January 17, 2003

Millions of Children Left Behind in Bush Tax Proposal

Child Tax Credit Plan Leaves Out Nearly Half of All Black and Latino Children

The Children’s Defense Fund today released an analysis showing that millions of parents working hard to support their children on low wages will not get any help from speeding up the child tax credit proposed by the Bush Administration. The President’s plan to accelerate the child tax credit provides no benefit to more than one in four American children – including nearly half of all Black and Latino children – because their parents earn so little they are not eligible for a tax credit.

Children’s Defense Fund President Marian Wright Edelman said this is one more example of how the Administration’s tax proposal favors the rich and hurts children.

“Speeding up the child tax credit doesn’t provide a dime to millions of hard working families,” Edelman said. “The plan leaves no millionaires behind, but leaves millions of children behind. It is irresponsible to borrow money we don’t have to spend where it isn’t needed while freezing services for children.”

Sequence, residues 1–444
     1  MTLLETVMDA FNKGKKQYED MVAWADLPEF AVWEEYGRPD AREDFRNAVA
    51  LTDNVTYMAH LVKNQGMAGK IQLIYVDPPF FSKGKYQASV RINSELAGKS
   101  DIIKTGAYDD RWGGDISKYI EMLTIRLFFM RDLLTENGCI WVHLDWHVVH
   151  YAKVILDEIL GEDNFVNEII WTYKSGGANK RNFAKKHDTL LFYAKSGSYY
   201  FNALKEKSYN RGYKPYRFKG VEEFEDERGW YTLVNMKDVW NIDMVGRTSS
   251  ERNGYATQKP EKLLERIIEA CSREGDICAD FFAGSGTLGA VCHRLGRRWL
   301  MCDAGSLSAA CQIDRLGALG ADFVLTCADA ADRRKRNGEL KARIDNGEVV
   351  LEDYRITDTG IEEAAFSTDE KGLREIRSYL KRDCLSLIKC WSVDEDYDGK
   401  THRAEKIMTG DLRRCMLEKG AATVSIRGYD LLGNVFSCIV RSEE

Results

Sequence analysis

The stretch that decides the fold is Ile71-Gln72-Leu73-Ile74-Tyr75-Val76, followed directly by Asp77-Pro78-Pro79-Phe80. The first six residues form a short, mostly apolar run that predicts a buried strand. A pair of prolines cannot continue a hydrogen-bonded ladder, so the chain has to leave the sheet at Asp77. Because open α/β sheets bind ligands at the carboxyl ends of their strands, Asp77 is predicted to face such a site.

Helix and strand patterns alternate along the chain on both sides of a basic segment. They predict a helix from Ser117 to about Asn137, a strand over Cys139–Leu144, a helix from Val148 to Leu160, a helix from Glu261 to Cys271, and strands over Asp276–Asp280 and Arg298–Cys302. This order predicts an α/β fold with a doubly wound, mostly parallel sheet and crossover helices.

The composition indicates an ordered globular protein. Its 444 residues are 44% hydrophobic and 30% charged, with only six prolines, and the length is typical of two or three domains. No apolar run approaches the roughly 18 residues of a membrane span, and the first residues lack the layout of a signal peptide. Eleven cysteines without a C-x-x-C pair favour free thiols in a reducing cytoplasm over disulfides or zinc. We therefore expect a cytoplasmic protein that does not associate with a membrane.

Today’s computer analysis shows that millions of children left out of the Admin-istration’s proposal live in working families that earn such low- or moderate-incomes that they pay little or no federal income taxes and therefore, would not benefit from the tax credit. Most economists agree that providing additional income to low-income families provides the greatest economic stimulus because they are most likely to spend it out of need, while those in upper income brackets are more able to hold on to additional income by saving it. Yet the proposed Bush child tax credit provides no additional income to families that need it the most.

The Children’s Defense Fund last week noted that for the cost of eliminating the dividend tax, the government could provide comprehensive health care for all 9.2 million uninsured American children and Head Start for all unserved eligible preschoolers in need. Taxpayers with average incomes of about $1 million would take 42 percent of the value of the proposed dividend tax cut according to the Urban Institute/Brookings Institution Tax Policy Center. Millionaires would receive an average of $27,100 over 10 years from eliminating the stock dividend tax. Taxpayers with incomes of $30,000 - $40,000 would receive only $42.

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